The product recommendations on our site are independently chosen by our editors. When you click through our links, we may earn a commission. Thanks for helping us do what we love.

Yo-Zuri 3DB Series Pencil 125 Review

I have found that I prefer reviewing fishing lures more in the summer than I do in the winter. Though I do like reviewing them in the winter as well, since there’s not much else to do at times. But, reviewing products means I have to spend a considerable amount of time fishing with them. And in the winter, it’s hard to get a bite on a topwater lure… which is my favorite bite.

But the summer is when I get to let these things fly and have to review a bunch of topwaters while the getting is good. Poor, poor, pitiful me… right? What a burden.

Today, we’re once again talking about a topwater lure in the Yo-Zuri 3DB Series Pencil in the 125mm size. And it’s pretty sweet.


The Yo-Zuri 3DB Series Pencil 125 has a pretty sweet sound to it when you walk it. Kind of a “poing”, if that sounded right when you read it. I can’t be sure. But that’s the best I can do when trying to spell out the sound it makes. There’s one big bead in the tail of the bait, trapped in a small chamber about an inch long. So it kind of has a one-knocker type sound but not exactly.

One thing I think makes it a little different is that the chamber has a little rib in the belly of it. So the ball kind of hangs up on that as it rocks back and forth on the walk. It makes for a noticeably different sound as the ball hits the rib and then jumps it before smacking the walls of the chamber. There’s still a rhythm to the sound but a little delay here and there mixed in as well. 


Upon first glance, I pegged this bait for a simple walking-style topwater. But it wasn’t until I saw it spitting water as I was fishing it that I realized it’s actually a bit of a hybrid with a pencil popper-style bait. Obviously pencil is in the name. But I didn’t even look at the name when I tied it on; I just thought it would be a cool bait to try. But there’s definitely a cup to the mouth and I believe that contributes to the overall “poing” sound the bait makes.

I’d say as sound goes, it’s 85 percent the big rattle in the tail and 15 percent the mouth. There’s definitely an audible chug that comes along as it walks. The bait also spits water 6 or 7 inches which makes for a nice addition to the presentation. Most pencil-style walking baits are a little longer and skinnier towards the mouth, where this bait has more the size and shape of most of the popular walking style topwaters. So it’s kind of unique in that sense.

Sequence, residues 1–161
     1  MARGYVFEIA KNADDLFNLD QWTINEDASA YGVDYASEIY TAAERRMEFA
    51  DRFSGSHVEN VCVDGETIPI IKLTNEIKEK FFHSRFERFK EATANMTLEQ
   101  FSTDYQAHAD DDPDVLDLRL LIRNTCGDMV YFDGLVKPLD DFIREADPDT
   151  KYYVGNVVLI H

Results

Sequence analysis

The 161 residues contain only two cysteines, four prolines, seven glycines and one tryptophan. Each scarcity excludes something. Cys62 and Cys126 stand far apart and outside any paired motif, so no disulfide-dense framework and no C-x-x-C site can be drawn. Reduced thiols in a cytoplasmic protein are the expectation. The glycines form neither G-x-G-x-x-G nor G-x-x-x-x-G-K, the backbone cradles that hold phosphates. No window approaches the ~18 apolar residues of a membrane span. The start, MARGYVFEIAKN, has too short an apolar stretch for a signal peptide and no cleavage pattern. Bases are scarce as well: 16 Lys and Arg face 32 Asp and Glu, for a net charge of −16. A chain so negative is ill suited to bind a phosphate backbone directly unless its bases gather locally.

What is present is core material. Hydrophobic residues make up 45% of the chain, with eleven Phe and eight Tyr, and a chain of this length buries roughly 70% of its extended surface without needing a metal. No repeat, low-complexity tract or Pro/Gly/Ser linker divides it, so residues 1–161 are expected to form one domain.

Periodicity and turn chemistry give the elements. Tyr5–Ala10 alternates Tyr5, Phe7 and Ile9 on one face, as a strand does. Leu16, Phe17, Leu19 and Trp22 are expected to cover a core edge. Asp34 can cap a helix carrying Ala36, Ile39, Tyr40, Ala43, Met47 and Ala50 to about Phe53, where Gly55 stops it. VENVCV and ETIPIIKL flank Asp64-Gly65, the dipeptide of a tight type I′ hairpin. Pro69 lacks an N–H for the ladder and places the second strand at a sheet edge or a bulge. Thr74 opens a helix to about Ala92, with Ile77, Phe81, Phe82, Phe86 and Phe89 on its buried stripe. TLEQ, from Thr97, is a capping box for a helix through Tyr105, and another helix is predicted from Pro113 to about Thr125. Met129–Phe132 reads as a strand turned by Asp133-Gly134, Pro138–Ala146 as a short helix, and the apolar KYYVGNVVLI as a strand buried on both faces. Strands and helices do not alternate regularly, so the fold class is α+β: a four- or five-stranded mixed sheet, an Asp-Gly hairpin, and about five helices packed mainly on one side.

Hooks and hardware

High-quality, wide-gap treble hooks are essential for a topwater like this and that’s exactly what this bait has. I like the wider gap hooks on a topwater because they offer the most opportunity for a hookup when an exploding bass takes a swing at a bait. I like a longer shank hook sometimes with a topwater because they cover more ground. But that’s only necessary if a bait this size has two hooks. With three, this bait has plenty of pointy coverage.

I also like the hook hanger orientation. There may be other baits that use this same design but I have never seen one myself so I’m going to say this is unique and rest assured someone will correct me on social media if I’m wrong. Regardless, the cool thing about the two hook hangers below the belly is that they are mounted perpendicular to the bait and at angle towards the tail. So when the bait is walking in the water, the hooks are more prone to tuck up and away. I really think that’s a cool idea. 

Overall appearance

This bait comes in 13 colors, though I wouldn’t even really refer to them as colors, per se. The reason being, several of the color schemes have a translucent body that reveals what looks like a foil or other type metal plate running down the middle of the bait. The bait also has ribs on the exterior lower third of the bait and a paint scheme along the top half.

When all of these things come together as the bait rocks back and forth and walks through the water, the bait has more than a color to it. More like an overall 3D appearance, which is where the 3D comes from in the name of the bait. Upon looking at their site, I found Yo-Zuri describes what I’m talking about as their “Internal 3D Prism Finish”. Though some of the colors like Bone and Black also offer fully painted bodies. 

Casts like a rocket

The bait not only walks well, but you can really launch it. It comes in at an ounce and with the big ball bearing in the tail end, the bait becomes really aerodynamic and sails on the cast. This comes in particularly handy when fishing for schooling bass, especially around herring as those schoolers are notorious for coming up just out of range. So, having a bait that will throw an extra 15 to 20 feet can make all the difference.

With a quality set of hooks, some real ingenuity in the hook hanger orientation, the unique Internal 3D Prism Finish and a sweet sound, this is one of my favorite walking topwaters I’ve thrown in a while. What makes it even better is the $7.99 price tag. That’s a lot of bang for your buck and makes it an easy bait to try out in my opinion. 

The Yo-Zuri 3DB Series Pencil 125 is available at the following retailers: